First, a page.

Education is Not Up for Debate

Virtual town-hall will feature celebrities, educators and more to address education inequality and student mental health

What you need to know:

  • Citizen Verizon Assembly: Education is Not Up for Debate brings together Yara Shahidi, Gabrielle Union, Soledad O’Brien, professors, politicians and business leaders for an urgent debate on today’s education system, with a look to the future

  • Verizon Innovative Learning has expanded VIL school data plans to 30GB

BASKING RIDGE, N.J., Sept. 21, 2020 (GLOBE NEWSWIRE) — On Wednesday, September 23, Verizon will host the second Citizen Verizon Assembly, Education is Not Up for Debate, for a timely discussion about the education system, covering remote learning, inequality and mental health as Verizon continues to convene advocates, activists, and nonprofit and business leaders to address the most pressing global economic, environmental and social issues. The event can be watched LIVE at 6PM ET on Yahoo Life, Yahoo Home and

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After months of debate, education bills likely dead in SC

COLUMBIA, S.C. (AP) — South Carolina lawmakers return to the Statehouse on Tuesday for a super sized two-week special session, but the bills that dominated discussion and time over the past two years likely will be ignored and left to die.

The House passed a massive education overhaul bill in March 2019, and the Senate passed its own version after eight weeks of debate on March 4, 2020.

The first COVID-19 case in South Carolina was reported two days later, eventually grinding the legislative session and much of society to a halt and assuring that the kind of back-and-forth lawmakers need to hash out differences complex bills wasn’t going to happen before the two-year session ends when lawmakers adjourn this special session.

“It’s still not wise to get large groups of people together and yell at each other,” said Senate Education Committee Chairman Greg Hembree.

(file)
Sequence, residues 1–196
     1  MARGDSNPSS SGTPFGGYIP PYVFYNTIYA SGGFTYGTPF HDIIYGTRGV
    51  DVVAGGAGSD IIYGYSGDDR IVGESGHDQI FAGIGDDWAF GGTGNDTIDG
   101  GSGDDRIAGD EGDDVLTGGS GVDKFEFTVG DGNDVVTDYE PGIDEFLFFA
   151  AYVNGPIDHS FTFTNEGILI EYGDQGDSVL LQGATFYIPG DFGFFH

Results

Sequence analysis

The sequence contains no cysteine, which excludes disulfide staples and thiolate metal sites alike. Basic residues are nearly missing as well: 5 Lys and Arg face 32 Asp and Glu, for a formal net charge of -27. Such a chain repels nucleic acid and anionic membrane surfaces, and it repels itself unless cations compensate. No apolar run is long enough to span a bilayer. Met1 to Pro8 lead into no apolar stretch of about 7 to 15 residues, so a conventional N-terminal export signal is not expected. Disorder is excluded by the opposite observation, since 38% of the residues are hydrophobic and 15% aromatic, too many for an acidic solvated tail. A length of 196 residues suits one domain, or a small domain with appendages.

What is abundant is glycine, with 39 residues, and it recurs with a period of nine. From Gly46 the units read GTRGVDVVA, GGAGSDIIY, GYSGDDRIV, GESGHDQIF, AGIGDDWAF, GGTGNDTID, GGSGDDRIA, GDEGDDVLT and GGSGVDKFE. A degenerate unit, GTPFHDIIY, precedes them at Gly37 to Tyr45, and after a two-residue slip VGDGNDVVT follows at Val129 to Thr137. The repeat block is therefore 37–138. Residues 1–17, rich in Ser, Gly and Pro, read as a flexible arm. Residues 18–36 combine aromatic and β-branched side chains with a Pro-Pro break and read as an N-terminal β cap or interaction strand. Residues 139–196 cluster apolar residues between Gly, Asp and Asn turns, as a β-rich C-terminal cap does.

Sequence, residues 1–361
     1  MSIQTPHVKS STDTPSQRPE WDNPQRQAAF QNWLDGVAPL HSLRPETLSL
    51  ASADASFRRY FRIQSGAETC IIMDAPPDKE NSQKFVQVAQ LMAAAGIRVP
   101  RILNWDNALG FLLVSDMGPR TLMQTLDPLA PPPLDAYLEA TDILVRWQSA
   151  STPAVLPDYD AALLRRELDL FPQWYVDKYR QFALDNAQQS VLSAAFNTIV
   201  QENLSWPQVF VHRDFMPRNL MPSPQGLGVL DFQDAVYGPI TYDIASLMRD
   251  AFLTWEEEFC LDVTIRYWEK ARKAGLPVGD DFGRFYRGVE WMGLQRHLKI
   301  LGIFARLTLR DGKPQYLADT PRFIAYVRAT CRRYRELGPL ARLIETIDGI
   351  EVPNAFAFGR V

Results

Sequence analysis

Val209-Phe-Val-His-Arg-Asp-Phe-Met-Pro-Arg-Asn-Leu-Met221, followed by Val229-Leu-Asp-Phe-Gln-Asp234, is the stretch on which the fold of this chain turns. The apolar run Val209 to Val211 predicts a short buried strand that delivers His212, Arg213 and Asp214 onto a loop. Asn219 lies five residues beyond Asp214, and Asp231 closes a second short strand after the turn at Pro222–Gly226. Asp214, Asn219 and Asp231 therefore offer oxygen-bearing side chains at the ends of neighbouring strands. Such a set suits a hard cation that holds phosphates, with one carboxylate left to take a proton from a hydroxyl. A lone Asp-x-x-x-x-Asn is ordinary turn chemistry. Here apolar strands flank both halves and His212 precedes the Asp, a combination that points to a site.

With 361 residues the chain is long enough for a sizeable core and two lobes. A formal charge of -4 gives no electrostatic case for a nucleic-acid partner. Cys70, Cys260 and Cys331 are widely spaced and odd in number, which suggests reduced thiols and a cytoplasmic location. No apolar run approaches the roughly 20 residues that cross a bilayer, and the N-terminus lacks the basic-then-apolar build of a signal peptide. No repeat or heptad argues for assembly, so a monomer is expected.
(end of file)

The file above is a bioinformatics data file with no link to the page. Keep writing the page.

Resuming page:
The Horry County Republican

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Thai students seeking reforms debate education minister

Round 2 of a dialogue between Thailand’s education minister and high school students seeking radical reforms has taken place with a robust though mostly polite exchange of views but no resolution

BANGKOK — Round 2 of a dialogue between Thailand’s education minister and high school students seeking radical reforms took place Saturday, with a robust though mostly polite exchange of views but no resolution.

What had been billed by the students as a debate with Education Minister Nataphol Teepsuwan was a rare example of an open conversation between a senior politician and the younger generation that is not seen much in Thai society.

The students, who have dubbed their group Bad Students in self-mocking humor, are demanding an end to harassment for their activities, abolition of outmoded draconian regulations and total reform of the educational system.

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Spotsylvania supervisors debate funding for school laptops | Education

School officials consider the laptop expenses to be COVID-19 related, but instead of using a share of federal funding, they are now forced to ask supervisors for county money to cover the cost.

County schools were awarded $2.385 million in federal CARES funds. Private schools in the county were given nearly $133,000 of that funding.

According to a School Board presentation, the school system plans to use its CARES funds to help cover just more than $2 million preparing schools and buses, while $250,000 is slated to help with staff child care and $100,000 is set aside for “internal services.”

Baker said the school system provided 2,000 laptops to students for distance learning at the end of last school year, but said more students will need the devices.

He and other officials also told supervisors of the School Board’s plan to use bonds to provide Chromebook laptops for all students.

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